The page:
Well, IMHO, all years could and should be linked on first mention. While I agree it's messy, in an article about 1899 - or something that took place in 1899 - to have "1899" wikilinked on every mention, I think leaving 1899 wikilinked at first, and not on subsequent mentions, looks good. It helps break apart and structure long blocks of texts somewhat, too, especially if there are hardly any wikilinks inside it. I do suppose it comes very much down to personal preference, though, but you've got my take on the situation. I'm very much in favour of getting rid of said dictum.--TVPR 16:00, 30 December 2005 (UTC)
There is a contention that date link clutter is harmful. If so, it is a very marginal harm. On the other hand they do provide an article with context, even if that is a very marginal benefit. On the whole, this seems like a wash to me and so whether or not to keep them should be left to the discretion of the article's contributors. As such, I would be happy to see the explicit "simple months, years, decades and centuries should only be linked if there is a strong reason for doing so" go away. This is especially true as it seems to be encouraging a campaign to systematically remove such links with little regard to whether an article's primary contributors find them useful. Dragons flight 15:54, 30 December 2005 (UTC)

I largely agree with Martin, with some qualification. I think that there is more justification in linking to 1917 in an article than to 2004, even if neither link is directly relevant to the article. A link to an older date may be helpful simply to put the event into perspective. Also, the discussion at Wikipedia:Manual of Style (dates and numbers) should probably point out that links to dates can be made more relevant by linking to a more narrow subset. For example, linking to [[2004 in music|2004]] in a discussion on an album released in that year makes more sense to me than simply bracketing the date. I think the problem is that a large number of editors routinely link all dates, including ones like [[January]], [[2003]] and every occurrence of a particular year in an article. That makes it questionable whether even links to single years are intentional or just due to some editor's misunderstanding of the function of wiki date formatting. Having said all that, I think that that the current language is a little too restrictive and I would change it as follows: "So unless there is a special some relevance of the date link, there is no need to link it. This is an important point: simple months, years, decades and centuries should only be linked if there is a strong reason for doing so." -- DS1953 talk 16:14, 30 December 2005 (UTC)

  • I support this proposal. In my experience, most dates are "high value" (especially where month and day are included). The first use of all years, decades, and centuries should be linked. The major problem is the "assisted" scripted "AutoWikiBrowser" program that "suggests" removing most of the dates. Folks assume (incorrectly) that the program is accurate and approve the edits without thinking. The program is broken. A recent instance didn't add any links for day mon year or month day, year (both were needed), but unlinked 1947 and 1967 (and many others) for Israel! That's Not Useful! --William Allen Simpson 16:28, 30 December 2005 (UTC)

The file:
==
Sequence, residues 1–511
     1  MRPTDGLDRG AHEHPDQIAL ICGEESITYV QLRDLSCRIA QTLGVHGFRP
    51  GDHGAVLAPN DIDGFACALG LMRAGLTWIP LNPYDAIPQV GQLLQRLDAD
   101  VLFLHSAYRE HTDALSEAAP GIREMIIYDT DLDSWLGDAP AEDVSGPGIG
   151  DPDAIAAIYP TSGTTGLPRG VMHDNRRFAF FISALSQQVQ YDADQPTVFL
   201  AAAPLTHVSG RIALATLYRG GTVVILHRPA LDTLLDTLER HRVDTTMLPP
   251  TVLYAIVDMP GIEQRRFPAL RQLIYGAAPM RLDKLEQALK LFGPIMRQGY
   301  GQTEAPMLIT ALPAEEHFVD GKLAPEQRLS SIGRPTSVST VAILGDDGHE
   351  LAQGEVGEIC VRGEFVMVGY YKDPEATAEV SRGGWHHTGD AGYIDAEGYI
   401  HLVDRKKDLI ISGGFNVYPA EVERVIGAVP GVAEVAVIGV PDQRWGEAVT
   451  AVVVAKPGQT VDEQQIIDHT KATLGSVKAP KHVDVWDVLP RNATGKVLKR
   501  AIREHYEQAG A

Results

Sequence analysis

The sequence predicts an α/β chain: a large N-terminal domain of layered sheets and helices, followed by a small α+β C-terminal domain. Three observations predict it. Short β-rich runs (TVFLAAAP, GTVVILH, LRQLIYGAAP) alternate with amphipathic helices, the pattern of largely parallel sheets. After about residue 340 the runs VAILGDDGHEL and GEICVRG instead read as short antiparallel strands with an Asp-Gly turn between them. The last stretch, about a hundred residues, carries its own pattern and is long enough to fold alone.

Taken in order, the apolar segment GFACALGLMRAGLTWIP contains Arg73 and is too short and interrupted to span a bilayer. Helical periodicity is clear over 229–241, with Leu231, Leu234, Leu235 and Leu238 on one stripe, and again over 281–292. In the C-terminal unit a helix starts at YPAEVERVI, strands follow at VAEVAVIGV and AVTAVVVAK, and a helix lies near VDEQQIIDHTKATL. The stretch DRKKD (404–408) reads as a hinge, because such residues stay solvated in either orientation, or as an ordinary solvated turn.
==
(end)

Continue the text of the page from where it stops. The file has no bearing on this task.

• This is not a debate about how it is done, please dont confuse the issue. And the program is not broken, it's not even specifically designed for this task as you seem to suggest. Martin 17:34, 30 December 2005 (UTC)
  • I quite like this proposal, but I wonder if the paragraph could also be ammended to reiterate that date links should only be for the first time it shows in an article, and that these are entirely fine if relevent, and that they should ideally link to a subgroup of that date as mentioned earlier. LambaJan 19:12, 30 December 2005 (UTC)
  • I don't think the mass-unlinking of dates in an uncoditional or nearly-unconditional manner is a good idea. Further, I support the idea of clarifying or relaxing the "prohibition" against wikilinking years. The Manual of Style should basically say that not all years need to be linked, but some should because stuff happened then. The details of judgment should be left up to article editors. Demi T/C 19:22, 30 December 2005 (UTC)
  • I don't think that all dates should be links. Many times if you do click, you get totally irrelevent stuff. I'm particularly thinking about a biography where we're talking about how the person was elected on this date in 2002, and did something else in 2003, and ... It really (in my view) clutters things up to have all of the years in blue. I don't object to links if the editor considers them relevent, but the current policy sounds right to me. Morris 19:45, 30 December 2005 (UTC)
  • I agree with the proposal. — Dan | talk 20:31, 30 December 2005 (UTC)
  • I fully support this proposal, and also, I have yet to see a proper argument for how having wikilinked dates make the page more difficult to read. Could someone who feels this way demonstrate how exactly it makes the page harder to read? Talrias (t | e | c) 20:33, 30 December 2005 (UTC)
One example of an article with too much markup is John Doar (US government official involved in civil rights momement). I know that this is a matter of opinion, but I agree with Nandesuka (below); a lot of the wiki links in that article (including the dates) do not lead the reader to anything related. Morris 22:17, 30 December 2005 (UTC)
Not harder to read, but a little distracting. Personally, I don't like wikilinking years, but I've always done as it seems everyone else does :-). I think that makes me neutral...! Dan100 (Talk) 20:43, 30 December 2005 (UTC)